In recent years the use of cash has declined within the UK economy, with the levels of card payments on the rise accounting for 32% of GDP (Gross Domestic Product) in 2014.
This growth is expected to continue with the introduction of far simpler ways of paying, with the likes of Apple Pay, Barclays bPay, and even the more advanced technologies such as Mastercard’s Identity Check, and the Radio Frequency Identification (RFID) which have been tested within the market. Even the chief executive of Apple, Tim Cook made the bold statement ‘Your kids will not know what money is’ when asked by university students what his thoughts on the current boom of tap to pay technology. This article will look at the features of each technology mentioned here.
Apple Pay was first introduced in October 2014, with its primary purpose set to abolish the wallet. It allows users from iPhone generation 6 and above to use the service, currently available in the UK, USA, Australia, Canada, Singapore, and China. Users with an iPhone generation 5, 5c, and 5s may also use this service but only in conjunction with an Apple Watch which supports the Near Field Communication (NFC) service. In 2015 an astonishing 2,500 banks supported Apple Pay and was accepted at over 700,000 locations; figures that continue to grow. Apple have implemented many security features to entice a new market, in particular Touch ID, whereby only the persons whose fingerprints are linked to the card can activate it. Apple pay also offers a feature that the current widely used payment cards do not offer, a unique number linked to each transaction, which cannot be repeated by fraudsters; severely hindering the ability to profit from security breaches. Not only are they making our over-the-counter experience easier but Apple are teaming up with Payment Alliance International to introduce a new way of taking cash out of an ATM using the touch ID sensor. This will verify the transaction and then send a digital receipt to your phone, sounds so much easier right? It could be rolling out to 70,000 locations soon. Overall Apple are offering customers a convenient and secure way of paying, and continue to expand more and more everyday.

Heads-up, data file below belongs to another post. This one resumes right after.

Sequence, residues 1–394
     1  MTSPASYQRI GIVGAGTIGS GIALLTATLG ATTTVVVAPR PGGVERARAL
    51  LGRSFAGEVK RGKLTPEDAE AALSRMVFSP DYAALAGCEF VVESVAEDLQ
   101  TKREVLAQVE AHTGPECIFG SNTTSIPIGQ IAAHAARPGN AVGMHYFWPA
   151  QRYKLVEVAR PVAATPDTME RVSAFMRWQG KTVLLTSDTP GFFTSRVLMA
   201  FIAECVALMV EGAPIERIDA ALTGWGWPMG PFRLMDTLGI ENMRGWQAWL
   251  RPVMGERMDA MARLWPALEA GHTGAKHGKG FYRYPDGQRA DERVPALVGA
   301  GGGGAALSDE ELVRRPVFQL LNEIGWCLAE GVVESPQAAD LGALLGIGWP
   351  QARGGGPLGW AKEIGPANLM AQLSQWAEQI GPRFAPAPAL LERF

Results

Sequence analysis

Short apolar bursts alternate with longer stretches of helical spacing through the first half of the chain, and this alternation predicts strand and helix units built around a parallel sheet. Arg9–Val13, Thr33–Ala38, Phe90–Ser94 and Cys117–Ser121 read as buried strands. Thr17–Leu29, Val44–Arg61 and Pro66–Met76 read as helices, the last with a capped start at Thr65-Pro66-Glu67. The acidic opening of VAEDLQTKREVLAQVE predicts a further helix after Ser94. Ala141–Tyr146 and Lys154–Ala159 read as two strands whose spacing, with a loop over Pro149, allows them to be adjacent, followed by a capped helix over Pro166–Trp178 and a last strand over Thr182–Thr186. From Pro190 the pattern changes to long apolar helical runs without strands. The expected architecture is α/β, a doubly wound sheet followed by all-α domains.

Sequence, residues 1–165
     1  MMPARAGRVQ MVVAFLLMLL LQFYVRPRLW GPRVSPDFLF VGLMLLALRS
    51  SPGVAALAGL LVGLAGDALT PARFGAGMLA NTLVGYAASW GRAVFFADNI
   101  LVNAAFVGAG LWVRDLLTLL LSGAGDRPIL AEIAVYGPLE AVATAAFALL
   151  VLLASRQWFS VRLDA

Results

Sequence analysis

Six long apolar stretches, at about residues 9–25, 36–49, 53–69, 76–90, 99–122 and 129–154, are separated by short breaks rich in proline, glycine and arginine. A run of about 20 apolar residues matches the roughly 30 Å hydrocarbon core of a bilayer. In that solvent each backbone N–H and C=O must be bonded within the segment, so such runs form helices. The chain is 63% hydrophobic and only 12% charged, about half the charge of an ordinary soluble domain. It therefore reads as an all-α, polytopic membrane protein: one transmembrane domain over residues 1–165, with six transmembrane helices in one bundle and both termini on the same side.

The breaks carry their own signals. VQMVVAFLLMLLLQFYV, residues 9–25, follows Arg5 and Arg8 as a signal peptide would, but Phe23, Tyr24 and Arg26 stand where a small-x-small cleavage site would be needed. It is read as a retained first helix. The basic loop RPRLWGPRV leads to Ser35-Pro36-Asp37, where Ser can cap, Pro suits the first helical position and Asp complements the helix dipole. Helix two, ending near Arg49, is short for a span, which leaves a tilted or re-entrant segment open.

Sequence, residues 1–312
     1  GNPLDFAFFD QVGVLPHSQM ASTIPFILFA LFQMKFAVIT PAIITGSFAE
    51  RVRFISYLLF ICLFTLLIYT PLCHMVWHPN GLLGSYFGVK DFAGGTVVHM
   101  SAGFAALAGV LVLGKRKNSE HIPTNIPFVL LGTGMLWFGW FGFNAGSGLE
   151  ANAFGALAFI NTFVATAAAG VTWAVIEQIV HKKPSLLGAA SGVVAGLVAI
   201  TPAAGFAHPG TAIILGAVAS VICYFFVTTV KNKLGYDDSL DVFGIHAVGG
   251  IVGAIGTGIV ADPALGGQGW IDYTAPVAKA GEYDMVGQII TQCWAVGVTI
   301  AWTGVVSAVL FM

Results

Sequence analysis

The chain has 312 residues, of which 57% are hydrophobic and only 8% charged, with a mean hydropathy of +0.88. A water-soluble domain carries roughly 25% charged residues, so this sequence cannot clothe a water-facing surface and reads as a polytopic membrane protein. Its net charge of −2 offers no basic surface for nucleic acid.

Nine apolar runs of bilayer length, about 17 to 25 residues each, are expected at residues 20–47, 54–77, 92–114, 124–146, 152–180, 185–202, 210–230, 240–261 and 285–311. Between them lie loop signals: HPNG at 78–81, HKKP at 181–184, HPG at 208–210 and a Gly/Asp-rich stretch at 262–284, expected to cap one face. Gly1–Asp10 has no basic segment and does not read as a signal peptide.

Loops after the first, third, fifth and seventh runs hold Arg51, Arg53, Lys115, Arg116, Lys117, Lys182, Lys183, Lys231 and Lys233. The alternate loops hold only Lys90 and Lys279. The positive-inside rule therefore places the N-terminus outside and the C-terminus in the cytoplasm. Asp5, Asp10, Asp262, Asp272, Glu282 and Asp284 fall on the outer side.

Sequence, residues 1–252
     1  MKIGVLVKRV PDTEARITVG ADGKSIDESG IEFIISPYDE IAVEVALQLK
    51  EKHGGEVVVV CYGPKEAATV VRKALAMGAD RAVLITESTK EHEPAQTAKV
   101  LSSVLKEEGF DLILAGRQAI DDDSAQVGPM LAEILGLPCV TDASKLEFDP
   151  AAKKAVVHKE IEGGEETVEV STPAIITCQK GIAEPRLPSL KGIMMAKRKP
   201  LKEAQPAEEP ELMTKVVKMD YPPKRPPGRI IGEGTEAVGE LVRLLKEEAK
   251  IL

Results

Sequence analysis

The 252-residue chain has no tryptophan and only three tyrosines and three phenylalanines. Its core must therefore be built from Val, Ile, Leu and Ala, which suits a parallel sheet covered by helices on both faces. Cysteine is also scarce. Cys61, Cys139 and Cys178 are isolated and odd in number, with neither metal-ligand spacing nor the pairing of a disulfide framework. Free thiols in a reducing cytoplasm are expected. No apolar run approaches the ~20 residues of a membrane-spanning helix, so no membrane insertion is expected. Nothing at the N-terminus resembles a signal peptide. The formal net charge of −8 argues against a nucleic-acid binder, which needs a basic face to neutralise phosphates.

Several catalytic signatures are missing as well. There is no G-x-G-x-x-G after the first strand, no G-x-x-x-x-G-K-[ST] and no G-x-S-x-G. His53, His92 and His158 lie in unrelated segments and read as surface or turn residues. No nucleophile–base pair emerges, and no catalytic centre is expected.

Since the contactless revolution began Barclays Bank Plc have wanted to take things one step further and with that they released the bPay family including the loop, the wristband, the fob and the sticker all of which allow the user to pay for items under £30 where the contactless symbol appears. bPay is a simple design suited to both the tech savvy and those who may find themselves to be technologically challenged, with no need to power up for it to work. It is simply a quick and convenient way to pay, not only available to Barclay Bank Plc customers, but to most Visa/Mastercard credit/debit cards with a UK billing address.
Now on to the possible future of payments….
MasterCard Identity Check
Mastercard stated at the beginning of 2016 that they intended to roll out a new system of online payments this year. MasterCard Identity Check is quite literally what it says on the tin, it uses the customer’s face as a password, it also includes a ‘life’ test by requiring the customer to blink as a security measure. This method at the moment is purely a way of verifying the cardholder is the one making a transaction rather than making the payment itself, it also integrates the use of fingerprint as another option of identity checks. MasterCard Identity Check will be available to both some Apple and Android users. MasterCard have received exceptional feedback with 92% of testers preferring this system over passwords and so have begun experimenting with slightly more advanced technologies such as Nymi Bands whereby the authentication is taken from the wearer’s heartbeat, they successfully completed their first Nymi band transaction in July 2015.
Radio Frequency IDentification (RFID)
RFID are currently only in the early stages of testing. It is a topic that many find controversial and it can be asked, are we taking it too far?
So what is RFID? It is a very small chip, the size of a grain of rice, that can be implanted into the hand that carries and transfers data, similar to that of a magstripe found on payment cards. It is hoped that it will eventually be used in place of cash and card payment methods, and even in place of keys. One of the largest known implementations of RFID chips is in Sweden, an office block known as Epicenter which is home to multiple companies, has offered the chips to employees for the purpose of opening doors and the use of certain facilities within the office, they are also working on the possibility of payment within the employee cafeteria. Although this is without a doubt the most convenient way of paying in our day to day lives, it comes with a lot of extras that may put many individuals off, such as the GPS tracker. Tracking is already disputed in regards to CCTV, mobile GPS and many other types of public surveillance with some companies such as WhatsApp offering end to end encryption for the public’s benefit. So whether or not this is something that can be implemented into our daily lives is yet to be seen.